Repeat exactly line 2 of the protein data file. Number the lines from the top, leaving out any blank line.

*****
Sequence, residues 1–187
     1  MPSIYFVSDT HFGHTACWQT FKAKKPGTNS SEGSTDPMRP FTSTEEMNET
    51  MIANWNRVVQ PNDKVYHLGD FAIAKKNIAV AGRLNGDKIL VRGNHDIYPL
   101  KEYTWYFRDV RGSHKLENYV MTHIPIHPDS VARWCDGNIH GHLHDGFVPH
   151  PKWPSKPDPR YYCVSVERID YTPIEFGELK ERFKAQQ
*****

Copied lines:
     1  MPSIYFVSDT HFGHTACWQT FKAKKPGTNS SEGSTDPMRP FTSTEEMNET